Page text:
Painting by W.B. Wollen titled 'Canadians at Ypres'. Depicts the PPCLI fighting at Bellewaerde Ridge on 8th May 1915.
In this epic depiction of the battle we see Lt Niven in the trenches directing the battle from the front line. (credit: WB Wollen, 1915 or later)

Honourary Appointments were also common. These were not simply ceremonial as with today’s Honourary Colonels but rather to give appropriate status and pay to technical officer who would have no command authority except within the confines of their own area of expertise. Thus many units would have Honourary Captains or lieutenants as paymasters, medical officers or chaplains.

At the lower ranks, the issue can become even more confusing. While Colonels are always Colonels, Privates may also be called Gunner, Sapper, Trooper, Driver of Pioneer as equivalent rank and hold any of a dizzying array of appointments ranging from piper and drummer to saddler, shoe smith, wheeler and fifer.

The attached matrix is intended to provide some conformity on how terms of rank and appointment are used on the site.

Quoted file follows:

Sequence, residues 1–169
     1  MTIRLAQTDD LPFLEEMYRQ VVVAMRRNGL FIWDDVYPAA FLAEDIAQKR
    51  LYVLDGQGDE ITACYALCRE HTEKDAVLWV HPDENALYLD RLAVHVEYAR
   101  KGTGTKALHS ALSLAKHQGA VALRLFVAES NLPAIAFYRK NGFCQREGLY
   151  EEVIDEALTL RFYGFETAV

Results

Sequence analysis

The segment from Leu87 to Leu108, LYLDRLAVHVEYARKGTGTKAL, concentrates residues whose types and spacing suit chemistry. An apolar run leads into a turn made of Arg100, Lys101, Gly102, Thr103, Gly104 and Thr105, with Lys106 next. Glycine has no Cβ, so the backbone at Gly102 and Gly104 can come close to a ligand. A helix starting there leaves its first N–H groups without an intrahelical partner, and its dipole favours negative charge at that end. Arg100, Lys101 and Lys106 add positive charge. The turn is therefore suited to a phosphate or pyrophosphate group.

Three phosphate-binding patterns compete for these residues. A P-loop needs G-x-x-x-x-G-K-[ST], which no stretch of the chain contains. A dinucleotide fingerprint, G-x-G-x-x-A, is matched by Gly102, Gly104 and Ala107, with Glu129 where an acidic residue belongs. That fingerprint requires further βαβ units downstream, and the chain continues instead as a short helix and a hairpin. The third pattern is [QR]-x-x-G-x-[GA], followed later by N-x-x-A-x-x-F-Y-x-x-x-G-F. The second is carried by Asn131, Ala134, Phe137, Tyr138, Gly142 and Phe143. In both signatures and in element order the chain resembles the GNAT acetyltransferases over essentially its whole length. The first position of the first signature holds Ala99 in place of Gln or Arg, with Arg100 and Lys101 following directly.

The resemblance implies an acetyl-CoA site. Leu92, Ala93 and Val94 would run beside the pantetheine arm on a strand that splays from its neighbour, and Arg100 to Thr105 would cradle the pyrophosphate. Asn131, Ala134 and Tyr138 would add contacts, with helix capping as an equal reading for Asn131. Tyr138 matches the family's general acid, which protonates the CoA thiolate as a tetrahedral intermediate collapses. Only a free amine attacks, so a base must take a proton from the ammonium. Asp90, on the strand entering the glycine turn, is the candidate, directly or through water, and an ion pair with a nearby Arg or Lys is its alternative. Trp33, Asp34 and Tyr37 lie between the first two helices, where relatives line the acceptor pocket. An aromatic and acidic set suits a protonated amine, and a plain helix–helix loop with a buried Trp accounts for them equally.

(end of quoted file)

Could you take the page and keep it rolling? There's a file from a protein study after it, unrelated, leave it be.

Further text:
Rank Abbreviation Typical appointments
Lieutenant General LGen Corps Commander
Major General MGen Divisional Commander
Brigadier Brig Brigade Commander
Colonel Col
Lieutenant Colonel LCol Commanding officer, infantry battalion, artillery cavalry or engineer, or signals regiment.
Major Maj Officer commanding infantry company, artillery battery or engineer cavalry or signals squadron. Second in Command battalion or regiment.
Captain Capt Second in command company or artillery battery
Lieutenant Lt Platoon Commander
Second Lieutenant 2Lt Platoon Commander
Cadet Cdt Officer under training
Warrant Officer First Class WO1 Regimental Sergeant Major
Warrant Officer Second Class WO2 Company, Squadron or Battery Sergeant Major, Company Sgt Major Instructor.
Staff Sergeant or Colour Sergeant SSgt Company Quartermaster Sergeant (CQMS) Sgt Instructor, Provost Sgt, Band Sgt. Armourer Staff Sgt.
Sergeant Sgt Platoon second in command.
Corporal of Bombardier (Artillery). Cpl, Bdr Section or Troop Commander (Artillery).
Lance Corporal, Lance Bombardier (Artillery). LCpl, LBdr Section Second in command, saddler corporal, smith corporal, Corporal cook.
Private, gunner, sapper, Pioneer, Driver. Pte, Gnr, Spr, Pnr, Dvr Trumpeter, drummer, piper, saddle-maker, smith wheeler, carriage smith.